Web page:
Back at the house, he finds Farewell’s guests listening to Neruda recite. At six that evening, his visit comes to an end, and he takes a train back to Santiago. “My literary baptism had reached its conclusion” (22), he says.
                   
Analysis of pages 1–22
The novella By Night in Chile is a social satire, written to expose what author Roberto Bolaño saw as the failure of the Church and the intellectual elites to stand up against fascism in Chile in the form of brutal military dictator Augusto Pinochet, who ruled the South American nation from 1973 to 1990. Himself a poet and writer, Bolaño was especially critical of the Chilean literary establishment, including poet Pablo Neruda. Neruda is presented in a less-than-flattering light in this novella. But the main focus of Bolaño’s satire is the poet-critic-priest Urrutia, a representative of both the Church and the intellectual elite who betrayed justice in Chile.
 
By Night in Chile is narrated by Father Urrutia in one long paragraph, with no chapter or section breaks. This contributes to the novella’s sense of urgency and immediacy—the sense that these are the words of a dying man, uttered over the course of one long, sleepless night. Indeed, the novella was published just a few years before Bolaño’s own premature death, at age fifty, of liver failure. In the opening sentences of the book, Father Urrutia claims that he has been slandered by “a wizened youth” (1) and seeks to defend his reputation. As the novella continues, however, it is suggested that this shriveled or wrinkled young man may be none other than Urrutia himself, or rather, the idealistic boy he once was, calling him to account for the sins he has committed throughout his life. Alternately, the wizened youth may be seen to represent Bolaño himself, or more broadly, the collective conscience of Chile crying out for justice. In his dying hours, Urrutia rails against this voice of morality in an attempt to justify his own actions or inactions, his “words and silences” (1). What he did or did not do becomes clear over the course of the novella.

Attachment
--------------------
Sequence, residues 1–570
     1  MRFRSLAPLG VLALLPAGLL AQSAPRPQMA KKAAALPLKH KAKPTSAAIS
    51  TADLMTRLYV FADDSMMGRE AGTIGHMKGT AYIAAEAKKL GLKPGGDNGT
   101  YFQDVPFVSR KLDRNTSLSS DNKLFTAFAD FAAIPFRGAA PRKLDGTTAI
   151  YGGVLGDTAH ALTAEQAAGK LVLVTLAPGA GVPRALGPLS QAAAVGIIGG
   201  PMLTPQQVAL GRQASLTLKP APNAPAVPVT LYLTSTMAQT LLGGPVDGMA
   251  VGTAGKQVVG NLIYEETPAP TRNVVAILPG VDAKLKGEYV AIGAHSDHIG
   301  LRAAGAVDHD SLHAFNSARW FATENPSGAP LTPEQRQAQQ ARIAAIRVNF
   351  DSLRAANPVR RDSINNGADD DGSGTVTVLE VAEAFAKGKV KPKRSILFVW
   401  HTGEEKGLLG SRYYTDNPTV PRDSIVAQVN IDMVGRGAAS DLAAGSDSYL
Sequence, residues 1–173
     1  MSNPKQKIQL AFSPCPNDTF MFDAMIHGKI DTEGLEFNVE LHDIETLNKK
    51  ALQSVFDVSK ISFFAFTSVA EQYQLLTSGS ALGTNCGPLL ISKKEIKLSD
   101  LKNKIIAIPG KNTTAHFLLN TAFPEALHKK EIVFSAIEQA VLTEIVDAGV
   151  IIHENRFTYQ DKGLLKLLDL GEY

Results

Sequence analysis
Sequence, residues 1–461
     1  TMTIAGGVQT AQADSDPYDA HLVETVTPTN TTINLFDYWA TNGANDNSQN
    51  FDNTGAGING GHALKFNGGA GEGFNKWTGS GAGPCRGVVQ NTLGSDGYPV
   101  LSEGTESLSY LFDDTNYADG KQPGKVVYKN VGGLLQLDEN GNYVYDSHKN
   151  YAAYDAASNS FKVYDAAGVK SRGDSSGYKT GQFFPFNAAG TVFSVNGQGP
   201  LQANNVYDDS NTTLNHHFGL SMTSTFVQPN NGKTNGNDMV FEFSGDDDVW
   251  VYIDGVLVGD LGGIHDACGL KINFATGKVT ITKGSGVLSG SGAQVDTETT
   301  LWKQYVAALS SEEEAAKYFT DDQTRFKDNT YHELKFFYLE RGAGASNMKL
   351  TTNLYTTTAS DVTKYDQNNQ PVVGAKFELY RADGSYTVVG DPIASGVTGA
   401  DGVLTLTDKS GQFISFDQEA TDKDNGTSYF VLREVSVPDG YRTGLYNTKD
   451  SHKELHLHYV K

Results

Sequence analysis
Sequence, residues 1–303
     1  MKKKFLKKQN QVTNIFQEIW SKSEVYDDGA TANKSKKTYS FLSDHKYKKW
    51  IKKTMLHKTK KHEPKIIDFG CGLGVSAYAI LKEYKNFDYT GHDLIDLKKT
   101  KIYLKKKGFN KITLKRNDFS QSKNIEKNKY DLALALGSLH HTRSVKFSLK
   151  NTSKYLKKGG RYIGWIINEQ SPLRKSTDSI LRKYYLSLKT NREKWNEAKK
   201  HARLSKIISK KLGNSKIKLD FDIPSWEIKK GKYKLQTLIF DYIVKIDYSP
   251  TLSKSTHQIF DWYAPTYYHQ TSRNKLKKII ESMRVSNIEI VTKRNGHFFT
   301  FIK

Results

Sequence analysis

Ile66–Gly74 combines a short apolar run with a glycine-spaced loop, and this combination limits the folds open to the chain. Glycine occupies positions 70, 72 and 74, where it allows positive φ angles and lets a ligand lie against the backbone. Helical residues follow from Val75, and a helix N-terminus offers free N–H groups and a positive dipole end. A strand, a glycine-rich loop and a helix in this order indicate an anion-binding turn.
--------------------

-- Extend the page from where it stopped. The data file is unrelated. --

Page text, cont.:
Urrutia’s moral compass goes awry soon after he leaves the seminary. Although called into the priesthood, the young Urrutia is ambivalent about his role as a man of the cloth. He is horrified when his mother addresses him as “Father,” agonizes over whether to wear his priest’s cassock while hobnobbing with literati, and is disgusted when peasants revere him as a holy man. In fact, Urrutia is more ambitious than pious. He aspires to become a great literary critic like his idol Farewell. His desire to be accepted into Farewell’s highbrow intellectual circle leads Urrutia to sell out in both body and soul.   
 
Bolaño uses striking imagery to make it clear that by taking up with Farewell, Urrutia is on a path to his own doom. The relationship between the two men is presented as that of predator and prey, or more accurately, that of a falconer and the young falcon he trains to hunt for him. When recounting the young priest’s first meeting with the august critic, Bolaño describes Farewell’s voice as “like the voice of a large bird of prey soaring over rivers and mountains and valleys and ravines, never at a loss for the appropriate expression.” Urrutia responds “with the naïveté of a fledgling,” and Farewell places a hand on his shoulder—a hand “as heavy as if it were encased in an iron gauntlet” (4). (A gauntlet is a type of glove worn by falconers—people who train falcons to hunt.) When Urrutia arrives at the critic’s estate, he finds a living room similar to a hunting lodge, decorated with “at least a dozen mounted heads, including those of a pair of pumas bagged by Farewell’s father” (8). Farewell, as a wealthy aristocrat, comes from a long tradition of those who prey on the weak. He lives off the blood and toil of the landless peasants who work on his estate. When Urrutia enters Farewell’s home, he automatically becomes part of that system.